Can’t wait to hang out here with a cool drink while the kids play in the sprinkler. At this rate I’ll probably have the rest done just in time for Thanksgiving.But there’s always next summer for reaping the benefits of this summer’s hard work I guess.


  • Four pallets of the same size, preferably rectangular.
  • One pallet slightly wider than your other pallets, more square than rectangular.
  • Scrap 2X4s or pallet scraps of the 2X4 kind.

1. Take your four pallets of the same size and stack them on top of each other two by two. No need to secure them, the weight of the wood holds them in place just fine.

2. Make sure your one remaining pallet is wide enough to fit as a back rest. A pallet usually consists of three layers of wood: the top boards, the middle boards (often 2X4s) and the bottom boards. In this case the top boards need to be long enough to fit as a back rest while still accommodating the 2X4s on each side of the seat. So they need to be the width of the seat plus at least 4 more inches, if they’re an inch or two longer than that you don’t have to be so precise and it’ll make your life easier.

3. Now it’s time to deconstruct the back rest pallet and here’s where the hard physical labor comes in… Remove all the bottom boards of the pallet and the two outside middle boards. Leave the one or two (depending on how your pallet is constructed) 2×4 boards in the middle where they are to help you keep the top boards in place. Save all the scraps, some will be used later in this project.

The arrow shows the nails holding the original middle board to the top boards, everything else was deconstructed.

4. Cut the remains in two halves. Make sure you cut so the slats will be in the same direction as your seat.

5. Take your 2x4s, either from another pallet like I did or use new from the lumber yard, and attach them to the top boards on either side. These need to be longer than your back rest so they can reach down and fit next to the seat pallets.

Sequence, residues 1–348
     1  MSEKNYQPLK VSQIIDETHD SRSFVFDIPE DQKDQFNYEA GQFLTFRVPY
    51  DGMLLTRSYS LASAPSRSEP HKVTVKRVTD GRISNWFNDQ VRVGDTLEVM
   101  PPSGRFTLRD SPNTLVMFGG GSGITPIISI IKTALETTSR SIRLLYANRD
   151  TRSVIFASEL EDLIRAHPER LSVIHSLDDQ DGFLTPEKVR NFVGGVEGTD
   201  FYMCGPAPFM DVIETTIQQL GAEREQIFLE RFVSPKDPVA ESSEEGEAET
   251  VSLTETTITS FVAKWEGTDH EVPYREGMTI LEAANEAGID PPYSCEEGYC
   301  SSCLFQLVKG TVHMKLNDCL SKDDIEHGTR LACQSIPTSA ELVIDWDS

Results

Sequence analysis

6. Prop your seat back up where you want it to go to determine how much of an incline you want the back to be. I marked the incline of the supporting legs on the side so I knew at what angle to attach the legs later (see below pic with arrow). I just reused the original middle boards (2x4s) from my back rest pallet for this and at this point I was so tired and hot that I didn’t even worry about cleaning them up 🙂 They’ll barely be visible in the end anyway. Oh, and I attached the support legs to the back rest at this point too 🙂

7. The last step is to attach the back rest pallet to the seat pallets. I was originally going to leave the back rest unattached but it was a little too wobbly so I put a screw where the arrow in the below pic is, one on each side of the lounger. It’s only attached to the bottom seat pallet, the top one is still loose and removable.

Just a close-up of the same thing.

This is what it looks like from the back.

You’re all done!

At this point I decided to prime mine since I knew I wanted to paint them eventually.

And only two months later I finally got to the painting part 🙂 Mostly since bright red paint for the outdoor furniture wasn’t a high priority in the spending budget. But last week I found Pratt & Lambert exterior paint in “Red Statement” for only $10 a gallon at our local Habitat store and the rest is history…

via  shoestringpavilion